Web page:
Raisins are one of the most popular add-ins for breads and desserts. The two most common varieties of raisins are yellow and black. It can be beneficial to know the difference between them and whether either can be used when a recipe calls for raisins.
What are Raisins Made From?
Both black and yellow raisins are made from the same kind of regular grapes sold in supermarkets. What makes their colors different is how the fruit is processed.
How are Black and Yellow Raisins Made?
Black raisins are made by being laid on paper trays and allowed to dry in the sun for several weeks. To make yellow raisins, the grapes are dipped in warm water and then coated with sulfur dioxide to make sure they stay golden throughout the drying process. They are then laid out on wooden trays to dry, where warm air is blown on them to speed up the drying process. For yellow raisins, the drying process is only about 24 hours.
Nutritional Differences Between Yellow and Black Raisins
Nutritionally, black and yellow raisins are very similar. Golden raisins are slightly higher in calories per cup than black and also have a little more sodium and an extra gram of fiber. The differences in calories and sodium are so small as to be negligible, however. Black and yellow raisins have the same amount of sugar and fat.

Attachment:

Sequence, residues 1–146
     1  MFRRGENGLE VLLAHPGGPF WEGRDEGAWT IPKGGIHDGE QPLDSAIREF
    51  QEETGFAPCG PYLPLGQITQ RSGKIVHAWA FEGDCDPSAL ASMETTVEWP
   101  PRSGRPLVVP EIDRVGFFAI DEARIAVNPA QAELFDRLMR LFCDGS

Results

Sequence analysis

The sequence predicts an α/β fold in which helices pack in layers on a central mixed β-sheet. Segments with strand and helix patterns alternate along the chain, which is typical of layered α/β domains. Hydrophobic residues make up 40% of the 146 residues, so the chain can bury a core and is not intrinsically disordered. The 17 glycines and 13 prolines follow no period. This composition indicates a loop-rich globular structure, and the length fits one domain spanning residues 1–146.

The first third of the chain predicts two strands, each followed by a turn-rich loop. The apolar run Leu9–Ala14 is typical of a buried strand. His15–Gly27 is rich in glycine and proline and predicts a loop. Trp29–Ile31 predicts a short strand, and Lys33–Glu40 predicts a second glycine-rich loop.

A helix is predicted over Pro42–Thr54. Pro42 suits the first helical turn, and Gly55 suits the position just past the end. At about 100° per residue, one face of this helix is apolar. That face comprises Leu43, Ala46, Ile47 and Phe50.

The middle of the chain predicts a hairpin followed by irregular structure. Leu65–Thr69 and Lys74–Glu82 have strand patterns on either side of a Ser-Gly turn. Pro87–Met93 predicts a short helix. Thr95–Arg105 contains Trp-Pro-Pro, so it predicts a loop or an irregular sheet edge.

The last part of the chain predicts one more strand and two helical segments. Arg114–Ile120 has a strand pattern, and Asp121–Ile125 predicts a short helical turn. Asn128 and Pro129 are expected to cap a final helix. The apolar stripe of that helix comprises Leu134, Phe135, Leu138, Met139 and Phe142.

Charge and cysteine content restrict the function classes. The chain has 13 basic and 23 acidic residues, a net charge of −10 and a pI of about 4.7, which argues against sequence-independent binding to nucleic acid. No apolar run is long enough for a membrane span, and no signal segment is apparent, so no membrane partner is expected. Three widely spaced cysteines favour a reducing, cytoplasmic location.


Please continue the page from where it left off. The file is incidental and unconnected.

Can Different Raisins be Used Interchangeably?
Yellow raisins tend to taste a bit sweeter and be a little plumper. Black raisins are more natural, however, as they are dried without sulfur dioxide. Black raisins are also easier to find in some regions. Which ones to use is entirely a personal preference, though, and there's no reason not to use either when a recipe calls for raisins.
What Makes Raisins Popular?
Raisins are sweet and nutritious, and they can be eaten right from the box or mixed into cakes, cookies or breads. They also are convenient to carry and can be stored for a long time.
Grapes start out as mostly water, around 78 percent. After being dried into raisins, the water content is about 15 percent. To make one pound of raisins requires about five pounds of grapes.
Kathy Gleason is a freelance writer living in rural northern New Jersey who has been writing professionally since 2010. She is a graduate of The Institute for Therapeutic Massage in Pompton Lakes, N.J. Before leaving her massage therapy career to start a family, Gleason specialized in Swedish style, pregnancy and sports massage.